Ebola

CDC Definition 2014

Ebola hemorrhagic fever (Ebola HF) is one of numerous Viral Hemorrhagic Fevers. It is a severe, often fatal disease in humans and nonhuman primates (such as monkeys, gorillas, and chimpanzees).

Ebola HF is caused by infection with a virus of the genus Ebolavirus. When infection occurs, symptoms usually begin abruptly. The first Ebolavirus species was discovered in 1976 in what is now the Democratic Republic of the Congo near the Ebola River. Since then, outbreaks have appeared sporadically.

There are five identified subspecies of Ebolavirus. Four of the five have caused disease in humans: Ebola virus (Zaire ebolavirus); Sudan virus (Sudan ebolavirus); Taï Forest virus (Taï Forest ebolavirus, formerly Côte d’Ivoire ebolavirus); and Bundibugyo virus (Bundibugyo ebolavirus). The fifth, Reston virus (Reston ebolavirus), has caused disease in nonhuman primates, but not in humans.

The natural reservoir host of ebolaviruses remains unknown. However, on the basis of available evidence and the nature of similar viruses, researchers believe that the virus is zoonotic (animal-borne) with bats being the most likely reservoir. Four of the five subtypes occur in an animal host native to Africa.

A host of similar species is probably associated with Reston virus, which was isolated from infected cynomolgous monkeys imported to the United States and Italy from the Philippines. Several workers in the Philippines and in US holding facility outbreaks became infected with the virus, but did not become ill. 1)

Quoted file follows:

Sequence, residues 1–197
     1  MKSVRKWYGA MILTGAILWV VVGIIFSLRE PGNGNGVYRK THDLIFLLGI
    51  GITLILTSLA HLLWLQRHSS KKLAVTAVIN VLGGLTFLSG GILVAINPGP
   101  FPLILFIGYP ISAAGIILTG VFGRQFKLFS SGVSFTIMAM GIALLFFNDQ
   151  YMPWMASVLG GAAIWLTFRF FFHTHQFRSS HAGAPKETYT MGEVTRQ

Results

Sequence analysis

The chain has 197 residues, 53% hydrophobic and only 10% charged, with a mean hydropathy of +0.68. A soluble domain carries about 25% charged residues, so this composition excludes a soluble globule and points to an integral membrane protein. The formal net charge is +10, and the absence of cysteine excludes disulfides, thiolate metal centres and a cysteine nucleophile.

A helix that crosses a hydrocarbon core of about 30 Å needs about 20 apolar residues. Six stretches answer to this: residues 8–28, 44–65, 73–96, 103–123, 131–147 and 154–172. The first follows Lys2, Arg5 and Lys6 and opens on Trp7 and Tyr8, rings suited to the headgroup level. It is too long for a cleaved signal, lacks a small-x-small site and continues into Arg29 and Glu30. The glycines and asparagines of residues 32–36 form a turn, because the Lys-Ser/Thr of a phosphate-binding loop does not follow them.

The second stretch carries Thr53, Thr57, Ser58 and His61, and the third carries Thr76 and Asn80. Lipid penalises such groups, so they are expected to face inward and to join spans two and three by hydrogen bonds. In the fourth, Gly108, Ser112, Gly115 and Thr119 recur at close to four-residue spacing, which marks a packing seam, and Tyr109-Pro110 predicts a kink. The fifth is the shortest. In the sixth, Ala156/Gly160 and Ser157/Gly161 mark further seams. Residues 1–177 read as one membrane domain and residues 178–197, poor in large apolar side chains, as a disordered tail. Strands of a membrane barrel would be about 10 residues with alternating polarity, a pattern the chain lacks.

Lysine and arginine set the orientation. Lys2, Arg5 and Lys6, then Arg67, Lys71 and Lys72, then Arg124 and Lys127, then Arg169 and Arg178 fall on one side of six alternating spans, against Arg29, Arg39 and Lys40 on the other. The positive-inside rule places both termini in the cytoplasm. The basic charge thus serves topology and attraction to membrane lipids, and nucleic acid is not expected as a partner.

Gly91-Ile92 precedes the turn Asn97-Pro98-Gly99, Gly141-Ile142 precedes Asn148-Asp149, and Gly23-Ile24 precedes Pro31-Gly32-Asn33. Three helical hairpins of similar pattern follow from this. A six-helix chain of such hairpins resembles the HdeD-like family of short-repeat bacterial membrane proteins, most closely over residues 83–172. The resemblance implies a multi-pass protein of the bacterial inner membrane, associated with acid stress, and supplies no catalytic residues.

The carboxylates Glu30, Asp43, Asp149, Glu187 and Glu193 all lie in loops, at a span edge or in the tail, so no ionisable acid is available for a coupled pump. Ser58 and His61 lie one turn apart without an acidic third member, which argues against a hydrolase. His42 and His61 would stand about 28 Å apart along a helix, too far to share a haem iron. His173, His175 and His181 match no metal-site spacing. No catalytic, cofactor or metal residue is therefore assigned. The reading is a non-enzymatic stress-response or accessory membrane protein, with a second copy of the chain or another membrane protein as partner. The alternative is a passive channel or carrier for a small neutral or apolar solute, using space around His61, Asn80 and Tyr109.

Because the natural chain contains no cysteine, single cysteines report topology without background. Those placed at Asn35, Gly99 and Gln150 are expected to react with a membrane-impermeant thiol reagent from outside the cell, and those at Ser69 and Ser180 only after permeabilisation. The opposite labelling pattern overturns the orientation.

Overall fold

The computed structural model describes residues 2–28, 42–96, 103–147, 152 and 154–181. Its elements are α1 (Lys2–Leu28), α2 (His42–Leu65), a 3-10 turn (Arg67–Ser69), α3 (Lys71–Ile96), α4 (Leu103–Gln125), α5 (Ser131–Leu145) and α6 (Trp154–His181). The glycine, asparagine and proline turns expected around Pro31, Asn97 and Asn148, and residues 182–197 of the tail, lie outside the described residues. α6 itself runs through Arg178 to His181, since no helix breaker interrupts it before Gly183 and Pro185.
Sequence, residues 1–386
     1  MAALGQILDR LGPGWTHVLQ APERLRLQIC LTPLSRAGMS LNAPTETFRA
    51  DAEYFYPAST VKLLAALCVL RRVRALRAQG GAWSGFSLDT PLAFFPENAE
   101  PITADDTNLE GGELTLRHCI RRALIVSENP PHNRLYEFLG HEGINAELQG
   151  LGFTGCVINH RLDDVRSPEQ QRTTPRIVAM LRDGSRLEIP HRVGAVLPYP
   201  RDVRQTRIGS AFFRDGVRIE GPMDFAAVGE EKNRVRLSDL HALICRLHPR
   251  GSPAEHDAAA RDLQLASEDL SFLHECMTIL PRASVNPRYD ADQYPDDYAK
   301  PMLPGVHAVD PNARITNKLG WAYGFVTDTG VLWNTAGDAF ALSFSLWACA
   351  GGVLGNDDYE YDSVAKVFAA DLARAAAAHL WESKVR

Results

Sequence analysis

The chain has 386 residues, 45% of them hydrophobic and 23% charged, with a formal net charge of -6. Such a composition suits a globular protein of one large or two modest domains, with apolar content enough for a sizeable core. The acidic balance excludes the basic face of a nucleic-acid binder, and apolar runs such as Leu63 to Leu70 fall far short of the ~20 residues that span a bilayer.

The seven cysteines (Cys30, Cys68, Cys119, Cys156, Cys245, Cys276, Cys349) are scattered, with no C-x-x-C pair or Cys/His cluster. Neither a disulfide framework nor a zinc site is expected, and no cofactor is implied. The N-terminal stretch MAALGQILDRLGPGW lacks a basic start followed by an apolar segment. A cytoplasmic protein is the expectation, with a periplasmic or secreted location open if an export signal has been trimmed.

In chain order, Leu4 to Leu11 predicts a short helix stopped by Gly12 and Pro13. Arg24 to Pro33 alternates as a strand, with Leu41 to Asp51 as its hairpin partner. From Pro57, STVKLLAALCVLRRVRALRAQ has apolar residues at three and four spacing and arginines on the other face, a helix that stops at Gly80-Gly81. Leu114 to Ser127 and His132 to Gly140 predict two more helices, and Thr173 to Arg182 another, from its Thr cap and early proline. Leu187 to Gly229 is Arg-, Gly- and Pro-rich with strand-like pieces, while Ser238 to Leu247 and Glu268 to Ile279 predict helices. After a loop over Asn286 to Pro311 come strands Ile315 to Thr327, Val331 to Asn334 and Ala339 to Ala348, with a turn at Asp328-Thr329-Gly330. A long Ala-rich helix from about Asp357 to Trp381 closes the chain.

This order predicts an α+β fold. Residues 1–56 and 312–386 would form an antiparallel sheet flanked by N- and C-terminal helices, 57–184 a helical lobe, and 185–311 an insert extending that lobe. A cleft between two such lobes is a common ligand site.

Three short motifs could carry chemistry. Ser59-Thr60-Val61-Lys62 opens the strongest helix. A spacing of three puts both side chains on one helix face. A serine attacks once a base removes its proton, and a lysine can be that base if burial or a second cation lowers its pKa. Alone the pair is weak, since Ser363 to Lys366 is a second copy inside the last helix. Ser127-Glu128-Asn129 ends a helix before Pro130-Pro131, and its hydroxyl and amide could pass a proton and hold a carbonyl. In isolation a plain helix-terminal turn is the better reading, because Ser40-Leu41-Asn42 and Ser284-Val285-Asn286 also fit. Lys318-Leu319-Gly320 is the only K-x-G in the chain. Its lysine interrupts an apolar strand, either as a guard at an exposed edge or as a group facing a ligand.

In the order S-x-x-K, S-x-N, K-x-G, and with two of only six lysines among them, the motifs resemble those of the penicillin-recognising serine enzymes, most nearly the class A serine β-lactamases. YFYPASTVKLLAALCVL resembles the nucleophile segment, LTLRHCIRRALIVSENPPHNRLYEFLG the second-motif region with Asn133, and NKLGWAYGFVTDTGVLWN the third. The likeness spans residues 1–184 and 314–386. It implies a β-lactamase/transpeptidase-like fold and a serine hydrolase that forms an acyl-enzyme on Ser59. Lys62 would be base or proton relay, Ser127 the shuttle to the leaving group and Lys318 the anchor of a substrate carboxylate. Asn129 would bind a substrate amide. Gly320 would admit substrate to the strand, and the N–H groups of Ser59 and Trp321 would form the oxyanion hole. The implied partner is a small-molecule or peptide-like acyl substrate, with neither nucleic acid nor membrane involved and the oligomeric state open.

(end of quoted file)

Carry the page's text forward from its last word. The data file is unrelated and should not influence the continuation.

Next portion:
Johns Hopkins Symptoms & Treatment

Ebola is a virus that causes problems with how your blood clots. It is known as a hemorrhagic fever virus. This is because the clotting problems lead to internal bleeding, as blood leaks from small blood vessels in your body. The virus also causes inflammation and tissue damage. Five different species of the virus have been found.

Ebola is spread through direct contact with body fluids of people infected with it. These fluids are blood, saliva, sweat, tears, mucus, vomit, feces, breast milk, urine, and semen. It is also spread by touching things that have been contaminated with these fluids.

Ebola is hard to treat, and may cause death in an average of about 10 days from the start of symptoms. What are the symptoms of Ebola?

Symptoms of Ebola can start 2 to 21 days after being infected by the virus. They most often start about 8 to 10 days after being exposed to the virus. The first symptoms are similar to the flu.

After recovering from Ebola, you may have body aches and weakness for weeks or months. Ebola can last in semen for at least 3 months after recovery. A man should use a condom, or not have sex. Women should not breastfeed until talking with their doctor. A person who has recovered from Ebola may be immune for at least ten years or longer. It is not known if this includes immunity to all species of the virus. 2)

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